Once again, New York City is rampant with destructive green ghosts, this time promulgated by weirdo loser Neil Casey. On the job are our four comediennes, armed with technical gizmos and incompetent but hunky receptionist Chris Hemsworth. Matters inevitably progress into a great confrontation between the ghosts and our heroines, with the latter predictably attaining a total victory.
How others will see it. The film culture tried to like Ghostbusters, if not for its decent special effects, then for its feminist vibes. But although the film did manage a profit, it drew mixed reviews. Kate McKinnon, then in vogue for her "Saturday Night Live" portrayal of Hillary Clinton, received the most praise. On the other hand, the Golden Schmoes nominated Ghostbusters as Worst Movie of the Year, losing to Ben Stiller's Zoolander 2.
Not too surprisingly, men panned Ghostbusters across all age demographics, though males under 18 graded it lower (4.8) than men over 45 (5.1 out of 10). The grades from women were higher, and declined with advancing age, from 6.7 under 30 to 6.3 over 45. The user reviews are a series of complaints about the characters, actresses, story, and writing. We get it, you hate it.
How I felt about it. I have not seen Ghostbusters II (1989) and that is probably a good thing. I have seen the original Ghostbusters a few times, and the remake doesn't compare favorably. Bill Murray and Dan Aykroyd are missed, of course, and yes I know they make cameo appearances here.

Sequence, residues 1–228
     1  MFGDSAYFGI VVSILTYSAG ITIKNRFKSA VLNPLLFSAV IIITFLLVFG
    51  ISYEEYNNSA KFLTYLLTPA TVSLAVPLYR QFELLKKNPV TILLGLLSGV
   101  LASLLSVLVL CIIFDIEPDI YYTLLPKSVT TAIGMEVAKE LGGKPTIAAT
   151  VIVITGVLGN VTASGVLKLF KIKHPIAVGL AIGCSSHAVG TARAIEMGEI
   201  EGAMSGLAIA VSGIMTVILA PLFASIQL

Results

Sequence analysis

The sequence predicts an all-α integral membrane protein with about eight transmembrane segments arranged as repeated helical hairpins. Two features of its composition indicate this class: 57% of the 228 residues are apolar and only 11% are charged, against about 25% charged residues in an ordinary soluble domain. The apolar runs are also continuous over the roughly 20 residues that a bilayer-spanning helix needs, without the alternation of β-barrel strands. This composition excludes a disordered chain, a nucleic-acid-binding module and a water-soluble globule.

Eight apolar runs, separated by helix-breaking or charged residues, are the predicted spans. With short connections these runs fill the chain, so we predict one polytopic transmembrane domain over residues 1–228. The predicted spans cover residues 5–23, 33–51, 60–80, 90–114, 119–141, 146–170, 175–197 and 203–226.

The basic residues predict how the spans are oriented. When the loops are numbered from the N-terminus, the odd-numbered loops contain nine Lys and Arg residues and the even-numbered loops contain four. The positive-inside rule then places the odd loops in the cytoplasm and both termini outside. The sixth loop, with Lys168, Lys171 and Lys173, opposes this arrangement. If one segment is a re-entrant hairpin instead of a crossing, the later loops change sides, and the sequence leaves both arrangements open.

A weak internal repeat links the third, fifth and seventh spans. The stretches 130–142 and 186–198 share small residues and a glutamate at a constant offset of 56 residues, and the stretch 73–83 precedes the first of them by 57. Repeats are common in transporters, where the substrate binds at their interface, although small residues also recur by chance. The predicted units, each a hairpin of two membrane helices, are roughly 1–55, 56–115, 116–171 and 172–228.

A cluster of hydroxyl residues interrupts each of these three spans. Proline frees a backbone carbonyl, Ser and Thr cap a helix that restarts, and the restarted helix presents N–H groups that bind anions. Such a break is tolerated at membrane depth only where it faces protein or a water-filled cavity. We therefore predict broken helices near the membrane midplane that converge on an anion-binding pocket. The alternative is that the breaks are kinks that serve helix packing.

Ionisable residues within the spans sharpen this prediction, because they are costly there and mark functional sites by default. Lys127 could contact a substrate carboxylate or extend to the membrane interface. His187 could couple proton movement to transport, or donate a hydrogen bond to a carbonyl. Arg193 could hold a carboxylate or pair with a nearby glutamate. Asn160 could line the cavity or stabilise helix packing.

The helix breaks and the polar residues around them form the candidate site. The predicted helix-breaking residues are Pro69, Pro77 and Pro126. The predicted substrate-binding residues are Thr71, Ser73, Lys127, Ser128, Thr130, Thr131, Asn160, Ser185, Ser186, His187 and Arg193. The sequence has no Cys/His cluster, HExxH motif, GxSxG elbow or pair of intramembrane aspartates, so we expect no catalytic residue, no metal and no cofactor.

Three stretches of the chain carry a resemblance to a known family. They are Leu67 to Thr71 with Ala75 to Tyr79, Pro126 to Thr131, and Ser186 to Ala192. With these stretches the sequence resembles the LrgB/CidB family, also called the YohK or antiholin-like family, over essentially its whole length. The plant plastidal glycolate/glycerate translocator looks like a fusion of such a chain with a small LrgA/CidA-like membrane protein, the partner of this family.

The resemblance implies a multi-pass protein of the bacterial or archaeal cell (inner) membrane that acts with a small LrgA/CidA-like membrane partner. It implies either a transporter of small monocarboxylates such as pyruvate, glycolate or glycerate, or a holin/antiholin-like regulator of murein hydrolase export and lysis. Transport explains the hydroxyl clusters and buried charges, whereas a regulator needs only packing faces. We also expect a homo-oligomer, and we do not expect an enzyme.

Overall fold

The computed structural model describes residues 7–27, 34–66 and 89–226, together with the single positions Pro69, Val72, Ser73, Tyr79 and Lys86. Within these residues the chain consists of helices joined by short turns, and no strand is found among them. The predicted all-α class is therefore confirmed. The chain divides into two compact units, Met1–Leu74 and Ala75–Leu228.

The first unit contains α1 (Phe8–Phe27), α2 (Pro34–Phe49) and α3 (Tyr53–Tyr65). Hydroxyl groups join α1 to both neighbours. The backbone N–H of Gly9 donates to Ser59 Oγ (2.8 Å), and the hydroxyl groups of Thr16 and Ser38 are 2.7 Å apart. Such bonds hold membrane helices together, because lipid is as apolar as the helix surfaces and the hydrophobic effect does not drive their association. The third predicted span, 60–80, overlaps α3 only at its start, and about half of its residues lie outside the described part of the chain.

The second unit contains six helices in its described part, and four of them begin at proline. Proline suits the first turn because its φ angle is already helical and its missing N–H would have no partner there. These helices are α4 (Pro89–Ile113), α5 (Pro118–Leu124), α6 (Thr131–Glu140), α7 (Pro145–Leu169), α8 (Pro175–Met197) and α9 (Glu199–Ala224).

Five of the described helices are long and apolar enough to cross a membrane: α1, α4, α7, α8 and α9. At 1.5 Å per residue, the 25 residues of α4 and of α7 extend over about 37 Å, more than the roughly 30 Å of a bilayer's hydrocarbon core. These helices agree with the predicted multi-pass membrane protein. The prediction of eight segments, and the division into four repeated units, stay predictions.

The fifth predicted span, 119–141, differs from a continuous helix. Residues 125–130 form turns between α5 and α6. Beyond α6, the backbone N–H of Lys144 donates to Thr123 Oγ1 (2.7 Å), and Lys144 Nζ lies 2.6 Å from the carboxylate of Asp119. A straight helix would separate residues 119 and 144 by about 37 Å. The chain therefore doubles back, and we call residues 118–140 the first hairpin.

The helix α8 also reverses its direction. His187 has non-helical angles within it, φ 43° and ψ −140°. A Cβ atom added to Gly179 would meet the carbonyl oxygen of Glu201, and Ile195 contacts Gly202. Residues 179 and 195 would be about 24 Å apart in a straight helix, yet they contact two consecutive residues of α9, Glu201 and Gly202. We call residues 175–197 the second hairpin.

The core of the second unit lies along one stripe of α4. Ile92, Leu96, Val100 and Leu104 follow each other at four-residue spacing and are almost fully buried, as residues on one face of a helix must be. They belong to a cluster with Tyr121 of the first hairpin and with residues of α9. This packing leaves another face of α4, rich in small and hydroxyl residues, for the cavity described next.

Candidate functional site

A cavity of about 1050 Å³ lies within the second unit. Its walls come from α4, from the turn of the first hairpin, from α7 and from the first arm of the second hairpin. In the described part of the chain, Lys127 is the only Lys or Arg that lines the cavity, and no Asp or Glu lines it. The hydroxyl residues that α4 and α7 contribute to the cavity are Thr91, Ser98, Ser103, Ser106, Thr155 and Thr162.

Certainly, Ghostbusters is a not-good, almost-bad movie. The question becomes, what could have made it better. And it isn't the budget, since that was a generous 144M. Perhaps too generous.
Smaller is often better, and the Ghostbusters reboot needs a diet. Who says you need four ghostbusters? Make it two: Kate McKinnon and Leslie Jones. Make it a mock drama instead of a comedy, and make it earn an "R" rating (from gore and violence) instead of a tame "PG". Ditch Chris Hemsworth, and give the antagonist a larger role. But recast Neil Casey.
Once story is downsized and most of the camp is turned to scary, you'll need a screenwriter and a director. Paul Feig is out, Neill Blomkamp is in, and replace the writer, although McKinnon and Jones should contribute dialogue.
So that would make it better than what we have now, namely, four talented actresses without much to work with, not enough scary ghosts, and unnecessary characters such as the New York mayor and boy-man Hemsworth.